Excitatory neuron-specific SHP2-ERK signaling network regulates synaptic plasticity and memory.
ABSTRACT: Mutations in RAS signaling pathway components cause diverse neurodevelopmental disorders, collectively called RASopathies. Previous studies have suggested that dysregulation in RAS-extracellular signal-regulated kinase (ERK) activation is restricted to distinct cell types in different RASopathies. Some cases of Noonan syndrome (NS) are associated with gain-of-function mutations in the phosphatase SHP2 (encoded by PTPN11); however, SHP2 is abundant in multiple cell types, so it is unclear which cell type(s) contribute to NS phenotypes. Here, we found that expressing the NS-associated mutant SHP2D61G in excitatory, but not inhibitory, hippocampal neurons increased ERK signaling and impaired both long-term potentiation (LTP) and spatial memory in mice, although endogenous SHP2 was expressed in both neuronal types. Transcriptomic analyses revealed that the genes encoding SHP2-interacting proteins that are critical for ERK activation, such as GAB1 and GRB2, were enriched in excitatory neurons. Accordingly, expressing a dominant-negative mutant of GAB1, which reduced its interaction with SHP2D61G, selectively in excitatory neurons, reversed SHP2D61G-mediated deficits. Moreover, ectopic expression of GAB1 and GRB2 together with SHP2D61G in inhibitory neurons resulted in ERK activation. These results demonstrate that RAS-ERK signaling networks are notably different between excitatory and inhibitory neurons, accounting for the cell type-specific pathophysiology of NS and perhaps other RASopathies.
Project description:Noonan syndrome (NS), a genetic disease caused in half of cases by activating mutations of the tyrosine phosphatase SHP2 (PTPN11), is characterized by congenital cardiopathies, facial dysmorphic features, and short stature. How mutated SHP2 induces growth retardation remains poorly understood. We report here that early postnatal growth delay is associated with low levels of insulin-like growth factor 1 (IGF-1) in a mouse model of NS expressing the D61G mutant of SHP2. Conversely, inhibition of SHP2 expression in growth hormone (GH)-responsive cell lines results in increased IGF-1 release upon GH stimulation. SHP2-deficient cells display decreased ERK1/2 phosphorylation and rat sarcoma (RAS) activation in response to GH, whereas expression of NS-associated SHP2 mutants results in ERK1/2 hyperactivation in vitro and in vivo. RAS/ERK1/2 inhibition in SHP2-deficient cells correlates with impaired dephosphorylation of the adaptor Grb2-associated binder-1 (GAB1) on its RAS GTPase-activating protein (RASGAP) binding sites and is rescued by interfering with RASGAP recruitment or function. We demonstrate that inhibition of ERK1/2 activation results in an increase of IGF-1 levels in vitro and in vivo, which is associated with significant growth improvement in NS mice. In conclusion, NS-causing SHP2 mutants inhibit GH-induced IGF-1 release through RAS/ERK1/2 hyperactivation, a mechanism that could contribute to growth retardation. This finding suggests that, in addition to its previously shown beneficial effect on NS-linked cardiac and craniofacial defects, RAS/ERK1/2 modulation could also alleviate the short stature phenotype in NS caused by PTPN11 mutations.
Project description:Phosphoinositide 3-kinase (PI3K) participates in extracellular signal-regulated kinase 1 and 2 (ERK1-2) activation according to signal strength, through unknown mechanisms. We report herein that Gab1/Shp2 constitutes a PI3K-dependent checkpoint of ERK1-2 activation regulated according to signal intensity. Indeed, by up- and down-regulation of signal strength in different cell lines and through different methods, we observed that Gab1/Shp2 and Ras/ERK1-2 in concert become independent of PI3K upon strong epidermal growth factor receptor (EGFR) stimulation and dependent on PI3K upon limited EGFR activation. Using Gab1 mutants, we observed that this conditional role of PI3K is dictated by the EGFR capability of recruiting Gab1 through Grb2 or through the PI3K lipid product PIP(3), according to a high or weak level of receptor stimulation, respectively. In agreement, Grb2 siRNA generates, in cells with maximal EGFR stimulation, a strong dependence on PI3K for both Gab1/Shp2 and ERK1-2 activation. Therefore, Ras/ERK1-2 depends on PI3K only when PIP(3) is required to recruit Gab1/Shp2, which occurs only under weak EGFR mobilization. Finally, we show that, in glioblastoma cells displaying residual EGFR activation, this compensatory mechanism becomes necessary to efficiently activate ERK1-2, which could probably contribute to tumor resistance to EGFR inhibitors.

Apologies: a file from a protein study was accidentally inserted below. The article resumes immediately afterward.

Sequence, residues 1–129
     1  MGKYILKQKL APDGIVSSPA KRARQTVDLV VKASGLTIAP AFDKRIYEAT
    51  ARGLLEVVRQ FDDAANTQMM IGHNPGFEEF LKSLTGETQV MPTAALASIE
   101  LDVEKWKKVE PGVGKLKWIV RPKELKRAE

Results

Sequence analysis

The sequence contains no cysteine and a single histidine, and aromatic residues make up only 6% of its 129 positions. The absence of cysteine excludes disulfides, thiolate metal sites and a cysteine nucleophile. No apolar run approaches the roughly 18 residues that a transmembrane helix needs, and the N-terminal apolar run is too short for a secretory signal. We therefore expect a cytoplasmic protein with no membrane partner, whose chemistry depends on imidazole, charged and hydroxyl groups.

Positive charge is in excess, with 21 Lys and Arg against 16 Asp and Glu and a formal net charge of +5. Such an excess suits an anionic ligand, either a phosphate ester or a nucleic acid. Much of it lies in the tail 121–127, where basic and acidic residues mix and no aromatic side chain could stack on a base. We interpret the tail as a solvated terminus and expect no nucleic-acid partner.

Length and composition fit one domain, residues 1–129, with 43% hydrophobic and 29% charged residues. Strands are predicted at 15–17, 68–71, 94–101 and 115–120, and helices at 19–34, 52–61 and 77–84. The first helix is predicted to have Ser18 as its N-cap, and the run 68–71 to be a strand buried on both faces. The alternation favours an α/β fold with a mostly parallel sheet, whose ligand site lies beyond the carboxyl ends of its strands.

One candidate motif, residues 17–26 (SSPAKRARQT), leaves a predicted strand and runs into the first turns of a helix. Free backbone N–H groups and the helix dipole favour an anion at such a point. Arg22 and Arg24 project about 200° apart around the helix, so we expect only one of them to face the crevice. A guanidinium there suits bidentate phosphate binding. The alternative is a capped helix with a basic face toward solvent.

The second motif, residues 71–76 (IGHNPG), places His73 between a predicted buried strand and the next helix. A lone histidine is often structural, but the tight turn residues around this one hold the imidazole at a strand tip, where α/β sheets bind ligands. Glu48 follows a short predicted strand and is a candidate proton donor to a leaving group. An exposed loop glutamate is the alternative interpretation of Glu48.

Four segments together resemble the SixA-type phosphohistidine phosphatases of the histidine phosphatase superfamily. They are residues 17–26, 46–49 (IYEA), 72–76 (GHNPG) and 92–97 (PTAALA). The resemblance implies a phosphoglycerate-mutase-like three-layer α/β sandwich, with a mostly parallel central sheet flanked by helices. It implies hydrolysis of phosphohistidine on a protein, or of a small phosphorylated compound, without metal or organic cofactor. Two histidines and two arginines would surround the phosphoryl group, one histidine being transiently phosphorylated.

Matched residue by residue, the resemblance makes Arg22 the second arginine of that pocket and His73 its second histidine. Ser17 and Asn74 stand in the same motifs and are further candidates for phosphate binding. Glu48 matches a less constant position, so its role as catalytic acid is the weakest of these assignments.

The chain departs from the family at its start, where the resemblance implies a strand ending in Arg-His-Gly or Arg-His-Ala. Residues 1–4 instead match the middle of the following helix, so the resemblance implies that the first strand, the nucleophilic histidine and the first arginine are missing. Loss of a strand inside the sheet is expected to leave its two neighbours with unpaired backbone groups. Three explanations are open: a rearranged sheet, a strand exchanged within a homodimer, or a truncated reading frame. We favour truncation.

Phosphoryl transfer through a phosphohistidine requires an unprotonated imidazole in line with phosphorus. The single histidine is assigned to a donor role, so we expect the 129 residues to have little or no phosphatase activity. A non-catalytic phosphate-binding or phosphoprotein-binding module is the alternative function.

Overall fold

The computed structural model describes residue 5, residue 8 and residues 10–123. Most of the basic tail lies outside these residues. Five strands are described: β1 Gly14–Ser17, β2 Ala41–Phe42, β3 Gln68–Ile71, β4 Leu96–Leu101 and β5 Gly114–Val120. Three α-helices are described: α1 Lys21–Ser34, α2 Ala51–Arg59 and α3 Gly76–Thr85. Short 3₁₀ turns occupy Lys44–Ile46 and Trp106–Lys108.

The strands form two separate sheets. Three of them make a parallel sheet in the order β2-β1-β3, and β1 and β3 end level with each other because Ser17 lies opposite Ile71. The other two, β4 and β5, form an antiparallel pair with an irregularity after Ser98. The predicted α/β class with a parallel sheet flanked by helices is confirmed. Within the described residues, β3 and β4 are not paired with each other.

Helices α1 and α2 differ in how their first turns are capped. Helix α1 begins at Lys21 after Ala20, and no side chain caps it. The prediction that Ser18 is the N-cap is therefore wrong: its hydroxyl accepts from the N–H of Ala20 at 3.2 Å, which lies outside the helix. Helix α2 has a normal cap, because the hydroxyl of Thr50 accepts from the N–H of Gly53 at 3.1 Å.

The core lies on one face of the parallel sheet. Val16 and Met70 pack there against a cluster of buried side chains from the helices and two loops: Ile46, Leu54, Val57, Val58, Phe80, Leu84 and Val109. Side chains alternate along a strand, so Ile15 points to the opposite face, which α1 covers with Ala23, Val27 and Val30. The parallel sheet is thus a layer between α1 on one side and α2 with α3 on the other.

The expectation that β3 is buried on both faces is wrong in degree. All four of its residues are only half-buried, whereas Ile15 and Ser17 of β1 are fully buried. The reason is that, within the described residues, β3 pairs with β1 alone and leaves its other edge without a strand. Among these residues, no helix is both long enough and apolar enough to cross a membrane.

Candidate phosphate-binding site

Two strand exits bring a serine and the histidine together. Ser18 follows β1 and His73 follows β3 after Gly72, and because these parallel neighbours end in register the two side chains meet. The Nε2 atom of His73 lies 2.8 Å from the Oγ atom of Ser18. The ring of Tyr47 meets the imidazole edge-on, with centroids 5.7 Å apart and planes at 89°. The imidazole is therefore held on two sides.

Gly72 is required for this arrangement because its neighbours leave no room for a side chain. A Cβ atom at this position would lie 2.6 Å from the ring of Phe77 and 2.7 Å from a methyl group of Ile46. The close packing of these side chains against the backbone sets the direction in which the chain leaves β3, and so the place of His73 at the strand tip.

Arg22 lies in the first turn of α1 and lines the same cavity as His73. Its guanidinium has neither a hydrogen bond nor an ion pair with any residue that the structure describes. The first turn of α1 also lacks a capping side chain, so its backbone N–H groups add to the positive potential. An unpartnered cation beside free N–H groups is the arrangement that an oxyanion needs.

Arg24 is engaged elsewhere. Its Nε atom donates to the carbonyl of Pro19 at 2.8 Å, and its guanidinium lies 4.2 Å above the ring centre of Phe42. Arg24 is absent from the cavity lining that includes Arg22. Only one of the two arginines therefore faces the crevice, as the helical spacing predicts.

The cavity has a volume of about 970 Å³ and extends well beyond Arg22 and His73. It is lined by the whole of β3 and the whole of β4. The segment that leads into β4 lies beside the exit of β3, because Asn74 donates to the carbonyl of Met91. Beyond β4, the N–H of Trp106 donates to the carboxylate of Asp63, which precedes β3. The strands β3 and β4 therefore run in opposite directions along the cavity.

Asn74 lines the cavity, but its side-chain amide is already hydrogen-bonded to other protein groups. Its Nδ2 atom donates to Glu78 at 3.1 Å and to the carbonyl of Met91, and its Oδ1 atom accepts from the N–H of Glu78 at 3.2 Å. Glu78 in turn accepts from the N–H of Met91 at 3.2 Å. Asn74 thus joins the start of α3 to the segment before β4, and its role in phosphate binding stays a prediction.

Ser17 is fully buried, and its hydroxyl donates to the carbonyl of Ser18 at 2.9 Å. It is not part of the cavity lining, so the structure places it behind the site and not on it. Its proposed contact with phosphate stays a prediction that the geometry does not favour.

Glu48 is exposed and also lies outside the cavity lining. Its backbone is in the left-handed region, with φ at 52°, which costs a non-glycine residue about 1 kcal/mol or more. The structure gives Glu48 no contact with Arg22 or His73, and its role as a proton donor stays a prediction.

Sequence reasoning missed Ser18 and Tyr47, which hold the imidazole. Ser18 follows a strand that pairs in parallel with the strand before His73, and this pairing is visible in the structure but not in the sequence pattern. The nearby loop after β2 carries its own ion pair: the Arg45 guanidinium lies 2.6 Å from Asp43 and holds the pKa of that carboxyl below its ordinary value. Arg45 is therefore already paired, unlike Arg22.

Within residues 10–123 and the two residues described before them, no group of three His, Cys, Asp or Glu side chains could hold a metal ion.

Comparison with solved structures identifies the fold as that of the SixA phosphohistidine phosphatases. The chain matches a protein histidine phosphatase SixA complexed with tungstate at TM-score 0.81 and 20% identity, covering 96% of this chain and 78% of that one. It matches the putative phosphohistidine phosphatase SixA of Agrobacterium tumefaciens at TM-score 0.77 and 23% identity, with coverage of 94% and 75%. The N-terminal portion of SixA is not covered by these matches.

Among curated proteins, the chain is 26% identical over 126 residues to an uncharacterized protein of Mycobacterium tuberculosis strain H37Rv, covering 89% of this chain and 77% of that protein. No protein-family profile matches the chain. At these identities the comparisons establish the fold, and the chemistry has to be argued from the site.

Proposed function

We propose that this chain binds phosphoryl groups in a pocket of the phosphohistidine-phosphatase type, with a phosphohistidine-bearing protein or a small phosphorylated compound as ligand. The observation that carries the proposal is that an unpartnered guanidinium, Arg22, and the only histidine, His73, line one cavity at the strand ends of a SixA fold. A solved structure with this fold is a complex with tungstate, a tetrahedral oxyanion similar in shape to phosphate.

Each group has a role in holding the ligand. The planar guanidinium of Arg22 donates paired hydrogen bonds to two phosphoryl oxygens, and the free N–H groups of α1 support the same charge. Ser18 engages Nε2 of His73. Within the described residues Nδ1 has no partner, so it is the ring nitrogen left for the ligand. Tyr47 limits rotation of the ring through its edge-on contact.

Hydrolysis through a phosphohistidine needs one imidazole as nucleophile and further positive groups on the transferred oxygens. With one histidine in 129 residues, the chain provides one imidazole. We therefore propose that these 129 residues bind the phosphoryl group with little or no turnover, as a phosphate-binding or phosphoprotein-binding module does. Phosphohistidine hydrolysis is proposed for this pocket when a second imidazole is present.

Project description:Despite being a cell-matrix adhesion molecule, beta4 integrin can prompt the multiplication of neoplastic cells dislodged from their substrates (anchorage-independent growth). However, the molecular events underlying this atypical behavior remain partly unexplored. We found that activation of the Met receptor for hepatocyte growth factor results in the tyrosine phosphorylation of beta4, which is instrumental for integrin-mediated recruitment of the tyrosine phosphatase Shp2. Shp2 binding to beta4 enhances the activation of Src, which, in turn, phosphorylates the multiadaptor Gab1 predominantly on consensus sites for Grb2 association, leading to privileged stimulation of the Ras-extracellular signal-regulated kinase (ERK) cascade. This signaling axis can be inhibited by small interfering RNA-mediated beta4 depletion, by a beta4 mutant unable to bind Shp2, and by pharmacological and genetic inhibition of Shp2 or Src. Preservation of the beta4 docking sites for Shp2 as well as the integrity of Shp2, Src, or ERK activity are required for the beta4-mediated induction of anchorage-independent growth. These results unravel a novel pathway whereby beta4 directs tyrosine kinase-based signals toward adhesion-unrelated outcomes.